Art Styles You Should Know About

Art Styles

Whether you’re an artist or an art enthusiast, knowing your options and being familiar with the different art styles is important. The key is to identify the style you like best and focus on that. Here is a list of art styles you should know about!


This is one of the most basic and oldest types of art. It’s a form of drawing or painting that focuses on the likeness, character, and beauty of a person. Throughout history, portraiture has been used across many different mediums, and it’s still an essential part of modern culture today!


After the French Revolution, Realism was a new art style that was born out of the desire for artists to focus on realistic depictions of people and their everyday lives. Unlike previous Romantic art movements, Realist painters often depicted everyday scenes of people in their homes and streets, allowing them to paint from a more direct, realistic perspective.



During the reign of King Louis XIV, Rococo was an art movement that dominated European painting and sculpture. It’s a playful art style that uses pastel colors and idealized subject matters. It is also known for its use of curved forms and swirling spirals.


Among the most influential art movements of the 17th and 18th centuries, Baroque is a style that combines the classical idealism of the Renaissance with the dramatic, exaggerated motion of Surrealism to produce drama, tension, and exuberance. The baroque era lasted from about 1600-1730 and was heavily sponsored by the Catholic church.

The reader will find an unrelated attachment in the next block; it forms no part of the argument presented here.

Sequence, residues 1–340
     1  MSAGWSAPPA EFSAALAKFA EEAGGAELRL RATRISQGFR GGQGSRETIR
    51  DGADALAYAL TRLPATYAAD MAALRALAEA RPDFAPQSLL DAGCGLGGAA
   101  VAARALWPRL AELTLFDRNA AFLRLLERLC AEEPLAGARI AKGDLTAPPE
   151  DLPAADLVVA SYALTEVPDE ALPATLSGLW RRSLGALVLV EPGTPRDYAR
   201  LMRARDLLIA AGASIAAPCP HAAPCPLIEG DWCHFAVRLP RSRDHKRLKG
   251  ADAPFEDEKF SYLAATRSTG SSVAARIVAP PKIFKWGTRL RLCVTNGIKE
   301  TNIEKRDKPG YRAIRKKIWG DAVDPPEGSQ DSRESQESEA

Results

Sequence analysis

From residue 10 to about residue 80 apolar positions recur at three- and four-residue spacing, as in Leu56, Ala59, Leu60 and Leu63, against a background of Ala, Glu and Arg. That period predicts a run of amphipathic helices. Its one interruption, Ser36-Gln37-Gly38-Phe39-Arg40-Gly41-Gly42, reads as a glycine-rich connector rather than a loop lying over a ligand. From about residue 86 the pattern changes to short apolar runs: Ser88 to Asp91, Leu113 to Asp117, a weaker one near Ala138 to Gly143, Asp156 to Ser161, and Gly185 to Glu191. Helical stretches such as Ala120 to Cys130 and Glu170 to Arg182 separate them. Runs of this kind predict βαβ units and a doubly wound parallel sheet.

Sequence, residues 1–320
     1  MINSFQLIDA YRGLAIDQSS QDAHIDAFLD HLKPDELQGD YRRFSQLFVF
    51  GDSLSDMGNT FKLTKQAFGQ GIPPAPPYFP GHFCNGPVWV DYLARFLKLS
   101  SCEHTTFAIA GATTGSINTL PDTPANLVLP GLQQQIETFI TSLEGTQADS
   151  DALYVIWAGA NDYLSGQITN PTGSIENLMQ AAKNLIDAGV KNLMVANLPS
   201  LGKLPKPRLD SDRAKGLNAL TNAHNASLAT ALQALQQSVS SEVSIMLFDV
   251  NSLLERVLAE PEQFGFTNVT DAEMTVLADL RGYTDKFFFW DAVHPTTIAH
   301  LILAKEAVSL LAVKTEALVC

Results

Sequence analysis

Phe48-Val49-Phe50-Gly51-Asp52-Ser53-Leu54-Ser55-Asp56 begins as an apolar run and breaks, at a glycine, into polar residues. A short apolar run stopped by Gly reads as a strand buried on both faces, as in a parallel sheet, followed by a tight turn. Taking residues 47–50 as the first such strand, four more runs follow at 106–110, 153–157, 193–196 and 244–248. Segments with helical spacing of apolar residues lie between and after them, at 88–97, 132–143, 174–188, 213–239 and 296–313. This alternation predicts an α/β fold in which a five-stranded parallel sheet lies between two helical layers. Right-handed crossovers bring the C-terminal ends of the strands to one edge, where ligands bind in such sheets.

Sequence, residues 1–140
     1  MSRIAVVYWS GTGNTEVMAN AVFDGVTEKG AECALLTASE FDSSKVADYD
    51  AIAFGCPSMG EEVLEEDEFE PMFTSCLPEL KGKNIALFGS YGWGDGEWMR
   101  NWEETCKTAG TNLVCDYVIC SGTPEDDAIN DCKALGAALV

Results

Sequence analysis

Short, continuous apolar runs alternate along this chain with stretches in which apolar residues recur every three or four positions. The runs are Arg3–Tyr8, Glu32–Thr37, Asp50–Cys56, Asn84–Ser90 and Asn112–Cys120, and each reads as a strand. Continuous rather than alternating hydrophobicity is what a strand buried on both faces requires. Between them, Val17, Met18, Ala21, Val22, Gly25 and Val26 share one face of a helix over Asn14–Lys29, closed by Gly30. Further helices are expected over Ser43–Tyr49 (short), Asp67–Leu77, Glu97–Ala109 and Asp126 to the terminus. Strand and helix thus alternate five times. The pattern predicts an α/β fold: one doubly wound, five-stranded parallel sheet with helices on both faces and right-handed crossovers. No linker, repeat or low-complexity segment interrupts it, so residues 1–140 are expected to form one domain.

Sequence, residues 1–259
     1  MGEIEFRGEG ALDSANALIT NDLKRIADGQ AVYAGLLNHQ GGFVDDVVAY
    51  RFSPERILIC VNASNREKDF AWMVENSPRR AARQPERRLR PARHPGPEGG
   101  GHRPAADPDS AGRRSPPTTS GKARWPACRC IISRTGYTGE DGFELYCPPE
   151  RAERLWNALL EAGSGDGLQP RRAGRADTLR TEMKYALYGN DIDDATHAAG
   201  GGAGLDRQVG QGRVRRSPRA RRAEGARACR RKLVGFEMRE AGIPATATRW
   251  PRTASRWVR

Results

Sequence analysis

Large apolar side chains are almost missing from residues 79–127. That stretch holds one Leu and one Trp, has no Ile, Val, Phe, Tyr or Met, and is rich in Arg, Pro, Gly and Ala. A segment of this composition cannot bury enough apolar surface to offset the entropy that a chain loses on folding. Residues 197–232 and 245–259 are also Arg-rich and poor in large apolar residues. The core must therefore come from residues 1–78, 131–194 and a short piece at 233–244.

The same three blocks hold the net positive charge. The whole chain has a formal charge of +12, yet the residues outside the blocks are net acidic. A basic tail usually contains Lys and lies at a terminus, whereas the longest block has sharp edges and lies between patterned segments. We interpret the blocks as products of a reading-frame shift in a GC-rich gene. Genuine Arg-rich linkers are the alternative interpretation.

Founded in 1907-08 by Pablo Picasso and Georges Braque, Cubism is an influential art movement focused on painting cubes and other geometric shapes from various angles. These overlapping planes of light and contrasting shapes were designed to break with conventional ideas about visual perception.

Abstract Expressionism

Another art movement that exploded in the 1940s, Abstract Expressionism, was created as an American response to the emergence of the Surrealists and other avant-garde artists. It was a precursor to the modernism movement of the 1950s and paved the way for New York City as the center of contemporary art.

Pop Art

During the mid to late 1950s, this art movement was born out of commercial and popular culture, experimenting with images and concepts that were readily accessible to the public. Its simplified subject matter made it easy to understand and digest artworks, which led to a broader acceptance of this genre as an art style.

Pop Art


Traditionally excluded from the fine arts scene, lowbrow art is an avant-garde style that emerged in the 1970s. The term “lowbrow” is derived from the genre’s ties to underground comix, punk music, and surf culture. In a nod to these cultural references, lowbrow art often uses dreamlike imagery that plays on erotic and satirical themes.

Magical Realism

This type of art is rooted in German, Colombian, and Italian theory, where it inserts magical elements into a realistic setting to create an oxymoron-esque world. It is often seen in photography, paintings, and sculptures.

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